Every day and every week is different, leading a portfolio of projects I can be speaking to fellows, academics, C-suite executives, and/or teachers on any given day. I can be at home, anywhere in the UK, on a call, presenting, learning. It is so varied which really keeps everything exciting and fun. Right now, we’re just about to announce a new research programme with an industrial partner, we’re developing our first major online platform, we have just delivered two European Funded programmes… it’s so variable it’s hard to put into a paragraph. The photograph above is a selfie taken outside Parliament where I was presenting evidence a few weeks ago at the Skills Commission on Women in Engineering.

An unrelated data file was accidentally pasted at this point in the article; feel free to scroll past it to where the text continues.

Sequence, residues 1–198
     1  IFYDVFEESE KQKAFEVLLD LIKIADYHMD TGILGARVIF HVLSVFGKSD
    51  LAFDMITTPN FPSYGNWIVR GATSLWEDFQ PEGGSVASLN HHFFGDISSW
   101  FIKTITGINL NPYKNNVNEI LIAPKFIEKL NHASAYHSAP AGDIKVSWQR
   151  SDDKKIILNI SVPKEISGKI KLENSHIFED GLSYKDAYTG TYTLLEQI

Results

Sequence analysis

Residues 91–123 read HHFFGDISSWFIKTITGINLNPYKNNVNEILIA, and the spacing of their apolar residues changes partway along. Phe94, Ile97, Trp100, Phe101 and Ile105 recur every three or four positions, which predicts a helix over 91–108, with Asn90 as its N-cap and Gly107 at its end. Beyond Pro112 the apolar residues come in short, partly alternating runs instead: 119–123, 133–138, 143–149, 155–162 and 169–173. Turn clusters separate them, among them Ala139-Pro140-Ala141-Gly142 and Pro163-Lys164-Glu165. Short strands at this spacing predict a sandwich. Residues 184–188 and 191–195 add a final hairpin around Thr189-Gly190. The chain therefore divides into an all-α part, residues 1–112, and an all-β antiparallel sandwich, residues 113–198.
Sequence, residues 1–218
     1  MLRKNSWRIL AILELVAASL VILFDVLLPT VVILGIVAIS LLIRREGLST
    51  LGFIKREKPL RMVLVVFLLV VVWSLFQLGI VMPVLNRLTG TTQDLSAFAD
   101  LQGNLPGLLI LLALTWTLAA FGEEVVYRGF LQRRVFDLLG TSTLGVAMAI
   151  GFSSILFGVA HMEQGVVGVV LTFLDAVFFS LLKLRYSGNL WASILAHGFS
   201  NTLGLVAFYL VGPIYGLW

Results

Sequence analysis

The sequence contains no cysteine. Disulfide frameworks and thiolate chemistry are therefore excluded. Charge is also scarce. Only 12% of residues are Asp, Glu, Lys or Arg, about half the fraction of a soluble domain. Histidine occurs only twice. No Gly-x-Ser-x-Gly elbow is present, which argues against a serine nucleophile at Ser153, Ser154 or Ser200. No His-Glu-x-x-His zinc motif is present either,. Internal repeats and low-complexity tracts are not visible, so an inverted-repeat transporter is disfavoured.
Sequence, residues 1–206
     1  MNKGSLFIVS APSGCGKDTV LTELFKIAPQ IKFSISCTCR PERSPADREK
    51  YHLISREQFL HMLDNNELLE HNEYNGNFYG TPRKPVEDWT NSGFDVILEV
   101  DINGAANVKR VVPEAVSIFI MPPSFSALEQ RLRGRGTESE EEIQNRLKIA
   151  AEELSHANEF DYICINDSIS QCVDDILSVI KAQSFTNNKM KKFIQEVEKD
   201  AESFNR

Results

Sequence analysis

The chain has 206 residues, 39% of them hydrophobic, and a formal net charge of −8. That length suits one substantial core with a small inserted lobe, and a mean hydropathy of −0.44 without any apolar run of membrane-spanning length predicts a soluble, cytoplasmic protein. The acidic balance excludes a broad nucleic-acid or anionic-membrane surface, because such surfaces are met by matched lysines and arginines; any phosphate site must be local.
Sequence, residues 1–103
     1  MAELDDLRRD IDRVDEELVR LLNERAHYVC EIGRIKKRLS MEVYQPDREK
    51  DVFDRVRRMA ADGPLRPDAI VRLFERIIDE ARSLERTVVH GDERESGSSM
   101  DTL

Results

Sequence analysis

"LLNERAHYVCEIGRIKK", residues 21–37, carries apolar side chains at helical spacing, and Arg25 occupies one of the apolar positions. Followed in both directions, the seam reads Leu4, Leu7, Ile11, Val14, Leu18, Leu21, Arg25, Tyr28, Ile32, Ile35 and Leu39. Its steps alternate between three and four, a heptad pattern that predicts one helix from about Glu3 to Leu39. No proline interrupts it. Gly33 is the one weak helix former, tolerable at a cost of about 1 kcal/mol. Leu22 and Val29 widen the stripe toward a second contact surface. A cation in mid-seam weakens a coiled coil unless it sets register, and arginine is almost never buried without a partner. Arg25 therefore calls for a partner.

So… how is this relevant to you – well – I knew research wasn’t for me. I love working with academics and within Universities, but I definitely made the right choice in leaving as research and I weren’t a good fit. The PhD has really helped – it’s opened doors and helped me get respect initially. The skills you develop as an academic are really transferable… assimilating information, seeing the bigger picture, problem solving, presenting, the list goes on and on. It’s just recognising and highlighting these attributes in whatever workplace you choose. It could even be that your technical expertise could be your window to change as well?
I’m a terrible one for advice … all I’ve ever done is looked at a job and though “well that looks like fun … It’s generally worked out so make sure you think you’ll enjoy whatever you are looking at.
Where can researchers look for jobs like yours? There are a plethora of not-for-profit’s out there… find one related to your industry, your specialism and start from there!